This is a notice that requests payment on services or sales that remain outstanding. This letter acts as a final notice to the debtor before they face potential legal action. A demand letter informs the debtor how much is owed, includes a description of why the money is owed, requests payment by a certain due date and can be used as evidence in court if payment is not received.
8. Employment Offer Letter
Also known as a job offer letter, it is an official invitation from an employer to a job candidate outlining the salary, benefit eligibility, job title, job description, signing bonus, bonus plan and start date.
The employment offer letter may also include a confidentiality agreement and a non-compete clause. The end of the letter will include a section where the candidate must sign and return to officially accept the position.
9. Service Agreement
This is a contract between a customer and a service provider outlining the relationship between the two parties. On the part of the service provider, this agreement may include the scope of service, deliverables and a schedule of service. For the client, the service agreement can cover payment schedule as well as the start and end date of the agreement.
10. Consulting Agreement
Much like a service agreement, a consulting agreement is between a client who's seeking the advice and professional expertise of a consultant. This agreement establishes the terms of compensation, scope of the work and termination terms.
There are different types of consultants that a business can hire. Examples include: legal, tax, financial, marketing and information technology.
11. 83(B) Election Form
A Section 83(b) Election is a document provided to the IRS to inform and request taxation on a property that is at risk of forfeiture and was received as payment for services. An 83(b) Election could substantially decrease the tax burden due to the lower value of the at-risk property.
This election can be made by submitting a short letter outlining the fair market value of the property received and any restrictions on the property. The form must be filed with the IRS within 30 days after the date of the property’s transfer.
12. General Corporate Resolution
A general corporate resolution is a formal document clearly outlining the decisions made by a corporation’s board members or directors. The resolution may cover the corporation’s finances, structure and other matters being discussed and the final decision.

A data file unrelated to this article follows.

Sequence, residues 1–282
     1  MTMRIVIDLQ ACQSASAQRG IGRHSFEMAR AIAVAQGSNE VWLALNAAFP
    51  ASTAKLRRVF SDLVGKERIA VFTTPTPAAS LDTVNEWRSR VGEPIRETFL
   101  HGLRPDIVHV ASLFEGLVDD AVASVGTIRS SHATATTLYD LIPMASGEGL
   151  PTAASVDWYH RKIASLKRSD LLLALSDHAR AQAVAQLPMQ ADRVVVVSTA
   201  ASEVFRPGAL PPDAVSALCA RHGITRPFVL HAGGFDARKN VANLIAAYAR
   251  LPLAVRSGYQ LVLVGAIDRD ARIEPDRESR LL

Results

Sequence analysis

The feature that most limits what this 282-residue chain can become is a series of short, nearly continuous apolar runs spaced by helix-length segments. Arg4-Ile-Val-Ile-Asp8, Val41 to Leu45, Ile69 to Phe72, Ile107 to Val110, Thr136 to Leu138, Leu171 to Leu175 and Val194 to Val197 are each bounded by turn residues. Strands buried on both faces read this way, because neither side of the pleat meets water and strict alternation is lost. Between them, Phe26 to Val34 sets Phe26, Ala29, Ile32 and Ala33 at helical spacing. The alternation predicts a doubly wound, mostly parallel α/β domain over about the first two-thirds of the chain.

General Corporate Resolutions must be documented and become part of the corporate record. The document should include the date of the meeting, what was discussed and the decision made. A corporate resolution is a legal document and must include the signatures of those who voted, including LLC members or the board of directors.
13. Employment Agreement
Though often confused or used interchangeably with an offer letter, the two agreements are different. An employment agreement is a contract between the employer and employee detailing the conditions of employment as well as termination of employment. Unlike an offer letter, an employment agreement is a legal contract and not just an invitation to accept employment.
14. Terms of Service
These agreements tend to be long, complex and text heavy and are found when using a service such as Facebook, Google, Twitter and websites throughout the internet. Whenever you sign up for an account, you will be given the company's “Terms of Service” (TOS) and will be required to click the box to agree to the terms before being able to continue.
Terms of service agreements list what the provider is responsible for and the rules that the user must adhere to. Users that don’t follow a company’s TOS may be dropped or suspended from their accounts. For example, making threats or impersonating another member’s account is a breach of the company’s TOS and can result in temporary or permanent suspension.
15. Employee Termination Letter
This is a formal notification made by an employer to an employee notifying them that their services are no longer required. An employee termination letter should include when the termination will take effect — whether it’s immediate or within a set time, in which case a termination date should be included.
16. Letter of Intent for a Business Venture
A letter of intent (LOI) is an outline that states the commitments made between two parties planning to do business together. The letter should include any obligations or assurances made from one party to the other, including timelines, financing or payment requirements and other terms that may be part of a partnership or business deal.
Most LOIs come with an NDA or confidentiality agreement. The LOI is used to gain an understanding of what one party may be seeking from another and is often a starting point to discussions that may or may not lead to a final contract or legally binding agreement.
17. Independent Contractor Agreement